Here are a few tips on how to develop a compelling and well-thought argument that will demonstrate you know what you are talking about and even have original ideas about it.

Every academic paper should have the following:

1. Opening statement:

· This is where you present the questions you are about to deal with in a coherent manner, so the reader would immediately recognize what the topics you wish to discuss are, and how you plan to approach them.

· The main points of your paper should be mentioned in the order you are later to present them.

· The order your topics of discussion are arranged in is meaningful. It shows what, in your opinion, is more important or relevant. Some writers like to leave the most central question to the end, others would mention it first, but good writers will always have an apparent reason for the order they choose. For example: one question would naturally lead to another. You need to give this point some thought before writing your opening statement and your paper in general.

· By the end of your first paragraph, or no later than your second, at least one of the following should be clear to the reader: what you are going to talk about, what will your main argument be, or what the questions you are proposing to address are. In other words, at this point the reader should not be wondering: “why should I bother to read this paper?”

· Stating your argument: Many students have asked me: “should I present my argument/thesis right at the beginning?”

Well, I know of two main approaches to this issue:

a. Making your argument at the beginning of the paper and later developing it.

b. Posing questions without answering them, and developing your thesis throughout the paper, culminating with your main argument in the conclusion.

The advantage of the first approach is that it helps one write a well-organized paper. It offers one the ability to come back and check, while writing, if the outline of the paper conforms to what is presented in the opening statement.

The advantage of the second is that it is considerably more fascinating to read. Think about it – why would someone want to read your entire paper if he/she already knows what your final conclusion is?

To summarize:

• Introduce the question(s) you wish to address.

• Briefly mention topics/parameters/characteristics/similarities or differences without elaborating.

• If your space is limited, pick one or two topics and explain your choice. Your choices usually demonstrate your understanding of the big question and affect the strength of your argument, so give it some thought.

2. The body of the text:

· This is where you develop each of the topics you mentioned in the opening statement.

· Remember that by definition, a paragraph is devoted to a single topic. Make yourself a list of what you want to discuss, and write 1, 2 or 3 paragraphs on each issue.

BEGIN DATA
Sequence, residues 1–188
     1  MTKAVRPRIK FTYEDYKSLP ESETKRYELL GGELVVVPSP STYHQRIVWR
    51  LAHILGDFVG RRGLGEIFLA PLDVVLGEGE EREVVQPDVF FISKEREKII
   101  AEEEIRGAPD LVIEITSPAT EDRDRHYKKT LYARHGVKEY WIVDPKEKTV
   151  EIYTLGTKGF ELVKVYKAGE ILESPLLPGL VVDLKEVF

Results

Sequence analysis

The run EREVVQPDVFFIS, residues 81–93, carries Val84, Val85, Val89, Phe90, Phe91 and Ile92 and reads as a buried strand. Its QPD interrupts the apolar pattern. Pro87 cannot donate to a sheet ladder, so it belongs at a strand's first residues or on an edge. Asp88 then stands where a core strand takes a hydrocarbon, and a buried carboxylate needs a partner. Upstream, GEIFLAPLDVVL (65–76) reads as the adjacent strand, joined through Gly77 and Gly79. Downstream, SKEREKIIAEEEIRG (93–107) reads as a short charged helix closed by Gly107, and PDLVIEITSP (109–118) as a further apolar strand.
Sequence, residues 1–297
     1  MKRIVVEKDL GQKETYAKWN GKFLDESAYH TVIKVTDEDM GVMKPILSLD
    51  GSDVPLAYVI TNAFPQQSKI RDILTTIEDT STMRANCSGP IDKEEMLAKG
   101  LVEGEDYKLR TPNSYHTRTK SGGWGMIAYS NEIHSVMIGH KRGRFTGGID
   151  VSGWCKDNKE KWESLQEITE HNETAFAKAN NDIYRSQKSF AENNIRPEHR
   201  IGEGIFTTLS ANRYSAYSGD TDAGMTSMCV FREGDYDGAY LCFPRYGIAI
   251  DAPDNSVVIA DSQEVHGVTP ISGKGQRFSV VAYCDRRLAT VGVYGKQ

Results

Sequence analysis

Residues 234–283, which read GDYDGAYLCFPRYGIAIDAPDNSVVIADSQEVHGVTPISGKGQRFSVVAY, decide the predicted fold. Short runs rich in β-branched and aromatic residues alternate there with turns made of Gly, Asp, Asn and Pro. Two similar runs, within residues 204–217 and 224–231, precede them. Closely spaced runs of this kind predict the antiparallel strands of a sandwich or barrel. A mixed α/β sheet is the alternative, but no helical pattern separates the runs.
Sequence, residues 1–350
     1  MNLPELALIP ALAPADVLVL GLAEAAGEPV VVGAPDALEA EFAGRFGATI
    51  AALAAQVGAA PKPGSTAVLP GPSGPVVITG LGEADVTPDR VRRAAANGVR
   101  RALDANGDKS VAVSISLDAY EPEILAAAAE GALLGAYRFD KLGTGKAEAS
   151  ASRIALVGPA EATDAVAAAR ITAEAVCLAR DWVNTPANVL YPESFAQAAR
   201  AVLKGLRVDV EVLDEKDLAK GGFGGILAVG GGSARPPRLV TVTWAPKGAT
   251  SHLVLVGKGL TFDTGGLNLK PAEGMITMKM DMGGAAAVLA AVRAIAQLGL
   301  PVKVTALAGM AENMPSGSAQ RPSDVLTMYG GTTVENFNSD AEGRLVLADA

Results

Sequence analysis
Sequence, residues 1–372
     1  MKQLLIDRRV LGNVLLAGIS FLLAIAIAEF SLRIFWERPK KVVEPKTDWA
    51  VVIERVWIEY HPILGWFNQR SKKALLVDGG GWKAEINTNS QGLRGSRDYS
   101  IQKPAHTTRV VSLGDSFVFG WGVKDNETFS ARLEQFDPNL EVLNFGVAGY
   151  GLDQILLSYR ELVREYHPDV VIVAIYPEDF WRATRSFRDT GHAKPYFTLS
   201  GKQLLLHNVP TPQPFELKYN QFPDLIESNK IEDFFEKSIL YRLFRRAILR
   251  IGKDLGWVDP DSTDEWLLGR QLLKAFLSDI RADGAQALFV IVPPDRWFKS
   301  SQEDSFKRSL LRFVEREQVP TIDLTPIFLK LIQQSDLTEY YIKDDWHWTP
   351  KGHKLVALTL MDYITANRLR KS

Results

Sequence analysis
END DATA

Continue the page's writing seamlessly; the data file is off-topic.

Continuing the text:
· Within this discussion, each paragraph has to include an opening statement, a discussion with examples, and a closing statement, which links it to the next paragraph. This closing statement is your chance to explain what the meaning of what you have just discussed is – this should be YOUR contribution, and together with the other paragraphs, it should give the reader a sense of what you make of the question.

Two guidelines to follow:

• Keep the story flowing – think of a work of fiction. Each paragraph has to be a direct continuation of the previous one.

• Do not repeat what has already been said – whether explicitly or implicitly. Doing so suggests that you do not have much to say or are just trying to fill space, and considerably weakens your thesis. In a short paper, there’s no need to remind the reader what he/she has read only a few pages or paragraphs earlier.

3. Closing paragraph:

This is where you tie together all the arguments you made in previous sections and reach your conclusion. This cannot be implicit; it has to be clearly stated. You also might want to consider leaving the last paragraph, after your conclusion, to the “so what” question, which would be an additional discussion of the meaning of what has just been argued; you can also present some further questions or thoughts you might want to approach in the future, without answering them here.

An “A” paper will always ask the “so what” question. The “so what” question expands your opinion to explain why this discussion is important/why it is relevant to deal with the questions you have proposed, and what other important and relevant questions could have been asked.

Alternatively, the “so what” question can come at the beginning of your paper. After presenting what you are about to discuss, you may want to explain in a sentence or two why the issues you have raised are worth the reader’s time.

Finally, your argument needs to make sense. Sometimes, a paragraph or a sentence may seem quite inherent to us, but would appear meaningless or confusing to other readers. The only way to prevent that is to share your written work with others before submitting it, and to ask them for comments. The more people look at your work, the more insights and ideas you may get, and the end result will no doubt be better.